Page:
The result is an engrossing album and, at times, a breathtaking performance. Svirsky applies his piano virtuosity modestly, his improvisations seamlessly moving from leapfrogging keyboard runs to sustained, low-end chord clusters that create the rumbling of a coming storm, streaked with high, piercing lightning from the upper end of the piano’s register. As on the album, Svirsky moved from free improv to almost uncomfortably intimate songs, his voice softly sounding words of opposition.

“Internal Devaluation (A User’s Guide)” is practically a Fugazi song—“Sell yourself until you can afford to buy yourself back”—but Svirsky places them in a barely there melody. He sings the entire lyric exactly once, but he does it in sequential addition, singing “sell yourself,” “sell yourself until,” etc., with rests between each recitation. The approach gives the song the lyrical quietude of a John O’Hara poem, where white space on the page allows the mind to form associations among the text. In concert, Svirsky’s heart-stopping rests brought the room to a suffocating silence, music’s absence echoing the oppression implied by the lyrics.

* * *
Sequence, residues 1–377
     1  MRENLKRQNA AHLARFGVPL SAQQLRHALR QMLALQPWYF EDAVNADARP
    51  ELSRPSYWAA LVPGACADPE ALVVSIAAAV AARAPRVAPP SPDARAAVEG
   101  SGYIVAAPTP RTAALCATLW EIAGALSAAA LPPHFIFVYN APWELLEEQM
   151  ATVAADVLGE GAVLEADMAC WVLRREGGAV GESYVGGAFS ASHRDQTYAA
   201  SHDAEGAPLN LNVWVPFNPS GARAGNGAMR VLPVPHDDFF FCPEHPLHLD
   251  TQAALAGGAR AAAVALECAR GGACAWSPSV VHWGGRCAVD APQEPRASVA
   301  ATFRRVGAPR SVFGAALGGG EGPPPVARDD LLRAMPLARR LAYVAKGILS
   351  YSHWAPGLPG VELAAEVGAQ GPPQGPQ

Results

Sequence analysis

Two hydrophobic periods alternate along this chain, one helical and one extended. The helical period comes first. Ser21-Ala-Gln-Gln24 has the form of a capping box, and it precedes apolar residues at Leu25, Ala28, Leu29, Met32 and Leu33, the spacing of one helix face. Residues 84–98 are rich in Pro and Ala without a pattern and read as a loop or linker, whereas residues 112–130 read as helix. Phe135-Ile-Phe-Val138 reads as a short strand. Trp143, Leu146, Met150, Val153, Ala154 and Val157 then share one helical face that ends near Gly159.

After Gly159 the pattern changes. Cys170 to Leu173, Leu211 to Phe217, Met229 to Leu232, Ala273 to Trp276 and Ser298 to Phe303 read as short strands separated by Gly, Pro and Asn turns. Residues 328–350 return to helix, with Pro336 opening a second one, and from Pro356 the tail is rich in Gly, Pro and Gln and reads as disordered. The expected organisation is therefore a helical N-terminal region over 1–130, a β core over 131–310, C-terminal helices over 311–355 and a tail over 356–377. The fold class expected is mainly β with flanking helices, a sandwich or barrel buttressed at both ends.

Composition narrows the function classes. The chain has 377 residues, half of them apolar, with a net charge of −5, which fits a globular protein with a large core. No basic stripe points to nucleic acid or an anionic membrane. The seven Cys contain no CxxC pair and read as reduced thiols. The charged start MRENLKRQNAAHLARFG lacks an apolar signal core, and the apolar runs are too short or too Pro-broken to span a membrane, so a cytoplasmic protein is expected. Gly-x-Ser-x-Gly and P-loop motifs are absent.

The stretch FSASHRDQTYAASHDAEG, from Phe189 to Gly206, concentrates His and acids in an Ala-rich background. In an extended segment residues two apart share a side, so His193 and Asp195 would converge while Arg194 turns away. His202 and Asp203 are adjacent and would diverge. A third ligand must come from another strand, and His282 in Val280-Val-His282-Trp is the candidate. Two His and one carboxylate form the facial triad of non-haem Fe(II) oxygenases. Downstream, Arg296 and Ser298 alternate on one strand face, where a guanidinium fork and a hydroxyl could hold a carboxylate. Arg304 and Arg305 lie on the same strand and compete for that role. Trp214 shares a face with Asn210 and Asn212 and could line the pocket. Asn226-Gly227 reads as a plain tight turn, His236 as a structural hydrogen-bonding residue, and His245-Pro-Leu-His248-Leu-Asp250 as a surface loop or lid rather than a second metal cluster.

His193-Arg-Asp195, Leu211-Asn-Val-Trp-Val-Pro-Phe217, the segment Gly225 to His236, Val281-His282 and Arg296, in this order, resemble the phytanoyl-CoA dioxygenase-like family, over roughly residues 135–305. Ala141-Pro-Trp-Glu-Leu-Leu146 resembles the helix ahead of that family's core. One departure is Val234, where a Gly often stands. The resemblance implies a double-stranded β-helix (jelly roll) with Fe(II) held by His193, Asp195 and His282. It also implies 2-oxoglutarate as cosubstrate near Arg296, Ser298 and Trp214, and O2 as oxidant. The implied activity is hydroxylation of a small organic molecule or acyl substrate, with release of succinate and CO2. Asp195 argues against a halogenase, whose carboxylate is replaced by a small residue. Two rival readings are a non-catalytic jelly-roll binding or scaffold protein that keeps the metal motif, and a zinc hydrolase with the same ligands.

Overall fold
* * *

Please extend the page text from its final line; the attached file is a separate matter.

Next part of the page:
This tension is what Svirsky is trying to transcend—how to combine the utopian and pragmatic in a way that goes past protest and into that something just beyond it. “I think that’s kind of what [the album] is about—this unresolved tension between approaches that still somewhat influence each other,” he says. “But it’s not quite clear, even to me. I just know something happens. The record is kind of a stepping stone out of it, but that doesn’t mean that the crisis is over.”